About Paul Palinski
Mr. Palinksi concentrates his practice in patent counseling and strategic patent prosecution, with particular emphasis in the mechanical, electromechanical, and biomedical technologies. He represents a broad list of clients ranging from multi-national companies to individual inventors. Mr. Palinski is a resident of Grosse Pointe, Michigan.

About Mr. Finerman
Dr. Finerman joined The Dobrusin Law Firm in 2006 as a Staff Scientist. As a Registered Patent Attorney, he is currently preparing and processing patent applications, primarily in materials science, polymers science, chemistry and related fields, as well as assisting in other intellectual property research matters. Mr. Finerman is a resident of Rochester, Michigan.

Source: http://members.automationalley.com/news/details/the-dobrusin-law-firm-announces-shareholder-and-senior-counsel-appointments-02-20-2018

Law firm recognized for efforts to improve downtown Pontiac

Practicing intellectual property law for more than 13 years in Pontiac, The Dobrusin Law Firm recently was recognized for its commitment to improving the city’s downtown community.

The City of Pontiac, Downtown Pontiac Business Association, and Main Street Pontiac recently presented The Dobrusin Law Firm with their Partner Award at the Pontiac Community Awards dinner, honoring its dedication to improving the downtown community. The Partner Award honors those companies in or around Pontiac that leverage their time and resources to improve the community. The Dobrusin Law Firm was selected for the Partner Award not only for continuously and reliably sponsoring a number of events over the years, but also for supporting active involvement of their employees in a myriad of organizations within the community.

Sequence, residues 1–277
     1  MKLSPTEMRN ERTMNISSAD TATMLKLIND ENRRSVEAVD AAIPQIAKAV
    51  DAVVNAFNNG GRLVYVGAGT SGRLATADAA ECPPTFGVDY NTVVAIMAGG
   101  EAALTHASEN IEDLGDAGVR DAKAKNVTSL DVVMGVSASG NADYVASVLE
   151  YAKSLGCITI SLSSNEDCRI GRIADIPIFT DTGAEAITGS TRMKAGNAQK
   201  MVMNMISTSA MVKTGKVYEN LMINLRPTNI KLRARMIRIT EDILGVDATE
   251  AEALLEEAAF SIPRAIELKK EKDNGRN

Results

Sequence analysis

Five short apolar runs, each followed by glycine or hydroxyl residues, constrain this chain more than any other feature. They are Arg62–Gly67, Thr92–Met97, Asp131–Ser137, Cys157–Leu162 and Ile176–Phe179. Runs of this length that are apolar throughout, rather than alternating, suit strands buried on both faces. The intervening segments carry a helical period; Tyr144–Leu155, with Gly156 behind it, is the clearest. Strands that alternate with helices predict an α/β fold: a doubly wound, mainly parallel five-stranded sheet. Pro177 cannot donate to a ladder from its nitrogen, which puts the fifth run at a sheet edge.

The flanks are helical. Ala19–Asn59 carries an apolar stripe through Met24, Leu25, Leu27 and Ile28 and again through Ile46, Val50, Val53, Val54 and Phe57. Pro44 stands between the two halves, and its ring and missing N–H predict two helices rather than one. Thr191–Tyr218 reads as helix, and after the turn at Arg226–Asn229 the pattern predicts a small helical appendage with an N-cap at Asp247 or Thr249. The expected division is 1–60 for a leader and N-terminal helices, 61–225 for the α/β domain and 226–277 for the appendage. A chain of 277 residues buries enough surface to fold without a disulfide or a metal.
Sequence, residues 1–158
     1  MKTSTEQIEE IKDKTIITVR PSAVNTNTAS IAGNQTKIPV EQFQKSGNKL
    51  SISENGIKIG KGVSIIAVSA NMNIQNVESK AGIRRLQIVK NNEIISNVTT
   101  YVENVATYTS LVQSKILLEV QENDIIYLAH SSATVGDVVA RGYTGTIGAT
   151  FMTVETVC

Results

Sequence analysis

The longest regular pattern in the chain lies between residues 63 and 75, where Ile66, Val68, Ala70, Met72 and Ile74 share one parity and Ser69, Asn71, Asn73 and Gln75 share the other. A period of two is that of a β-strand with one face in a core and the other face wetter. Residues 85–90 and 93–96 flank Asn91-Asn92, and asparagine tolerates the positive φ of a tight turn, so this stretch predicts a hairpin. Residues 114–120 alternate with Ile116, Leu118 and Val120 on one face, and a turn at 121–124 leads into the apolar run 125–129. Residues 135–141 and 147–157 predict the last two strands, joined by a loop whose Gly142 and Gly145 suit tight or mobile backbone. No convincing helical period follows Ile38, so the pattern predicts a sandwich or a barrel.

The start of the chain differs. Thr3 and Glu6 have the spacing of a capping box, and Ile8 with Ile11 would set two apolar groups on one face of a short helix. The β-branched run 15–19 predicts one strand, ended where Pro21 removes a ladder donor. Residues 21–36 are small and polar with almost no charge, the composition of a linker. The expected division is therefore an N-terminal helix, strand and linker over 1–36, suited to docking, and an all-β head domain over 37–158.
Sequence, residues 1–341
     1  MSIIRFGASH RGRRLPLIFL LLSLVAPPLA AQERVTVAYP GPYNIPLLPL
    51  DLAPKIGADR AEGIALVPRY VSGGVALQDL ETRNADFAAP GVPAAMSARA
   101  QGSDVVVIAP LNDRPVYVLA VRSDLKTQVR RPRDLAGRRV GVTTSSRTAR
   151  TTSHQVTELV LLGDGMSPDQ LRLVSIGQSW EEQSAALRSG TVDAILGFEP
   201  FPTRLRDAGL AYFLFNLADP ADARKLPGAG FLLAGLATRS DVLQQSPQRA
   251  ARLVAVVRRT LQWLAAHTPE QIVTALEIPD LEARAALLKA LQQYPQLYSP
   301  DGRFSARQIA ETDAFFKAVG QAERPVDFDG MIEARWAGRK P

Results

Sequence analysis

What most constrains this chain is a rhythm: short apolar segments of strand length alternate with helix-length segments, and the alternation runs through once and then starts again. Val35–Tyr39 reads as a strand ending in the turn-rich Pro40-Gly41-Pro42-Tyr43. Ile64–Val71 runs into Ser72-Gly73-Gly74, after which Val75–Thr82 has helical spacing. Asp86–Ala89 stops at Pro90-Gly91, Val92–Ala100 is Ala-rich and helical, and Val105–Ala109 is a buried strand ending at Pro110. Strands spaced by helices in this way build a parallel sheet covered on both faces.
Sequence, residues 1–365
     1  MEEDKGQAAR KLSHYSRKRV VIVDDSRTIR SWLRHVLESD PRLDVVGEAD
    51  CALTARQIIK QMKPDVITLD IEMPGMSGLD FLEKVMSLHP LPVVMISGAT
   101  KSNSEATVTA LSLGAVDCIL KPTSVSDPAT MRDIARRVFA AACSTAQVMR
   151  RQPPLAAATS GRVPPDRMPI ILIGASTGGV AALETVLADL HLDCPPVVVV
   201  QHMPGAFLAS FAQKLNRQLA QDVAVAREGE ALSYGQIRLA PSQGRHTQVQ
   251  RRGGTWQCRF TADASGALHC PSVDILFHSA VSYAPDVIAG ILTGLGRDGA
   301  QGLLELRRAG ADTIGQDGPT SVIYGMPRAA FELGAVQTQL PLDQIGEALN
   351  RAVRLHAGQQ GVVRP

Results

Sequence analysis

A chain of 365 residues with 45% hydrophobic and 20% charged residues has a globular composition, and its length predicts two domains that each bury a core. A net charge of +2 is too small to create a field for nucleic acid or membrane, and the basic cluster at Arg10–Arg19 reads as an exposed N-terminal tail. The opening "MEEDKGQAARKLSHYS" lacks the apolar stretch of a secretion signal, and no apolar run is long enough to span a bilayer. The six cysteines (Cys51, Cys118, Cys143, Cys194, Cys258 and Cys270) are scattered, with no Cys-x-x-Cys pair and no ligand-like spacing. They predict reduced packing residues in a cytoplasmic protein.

“As our firm is one the ‘pioneers’ which has made Pontiac our home for many years, we are very proud to receive this meaningful award,” said founding shareholder Eric Dobrusin. “I am extremely proud of our team for receiving this award and for their many community efforts and achievements.”

An example of their involvement includes the recent election of attorney Daniela Walters, to president of Main Street Pontiac, a soon-to-be granted 501 (c) (3) nonprofit organization that works with the City of Pontiac government, Oakland County Economic Development, and the Pontiac Downtown Business Association.

Additionally, Eric Dobrusin, was honored by the Greater Pontiac Community Coalition with its Community Courage Award for his work to positively impact the city, including with the Oakland University / Pontiac Initiative Early Childhood Group. Presented at its annual Dr. Martin Luther King Jr. luncheon, the award was presented to Dobrusin by a coalition of Oakland County individuals, community groups, businesses, politicians and clergy who have come together to strengthen the Pontiac community.

The Dobrusin Law Firm is a boutique intellectual property law firm, and works with Fortune 500, mid-size manufacturing firms, and start-up technology companies, which seek to accelerate business value through technology.

Source: LegalNews.com: http://legalnews.com/detroit/1455005/

 

Aleksynas, Pursley Recently Honored

  1. Dan Aleksynas was one of 30 attorneys named as an Up & Coming Lawyer 2017 by Michigan Lawyers Weekly. For more information, click here
  2. Kristen Pursley was recognized in Crain’s Detroit Business as part of the Notable Women Lawyers in Michigan 2017. For more information, click here

Dobrusin Law Firm sponsors day of-service for humble design

The Dobrusin Law Firm was proud to sponsor a Day of Service with Humble Design on October 20, 2017. Dobrusin employees teamed up with members of the Women’s Bar Association to clean, furnish, and decorate a home for a family. It was a great day for a very worthy cause!

Joseph L. Kallie joins the dobrusin law firm PC as associate

The Dobrusin Law Firm, PC, Michigan’s leading intellectual property law firm announced the appointment of Joseph L. Kallie to Associate. Mr. Kallie’s practice focuses on preparing and prosecuting patent applications in mechanical, electromechanical, and biomedical arts.

Aleksynas Elected Council Member

The Dobrusin Law Firm is pleased to announce that Shareholder Daniel P. Aleksynas was recently elected a council member of the State Bar of Michigan Intellectual Property Law Section, with his term set to run through 2019.

Contact Information

The Dobrusin Law Firm
29 W. Lawrence St.
Suite 210
Pontiac, MI 48342

Phone: 248-292-3988
Fax: 248-292-2910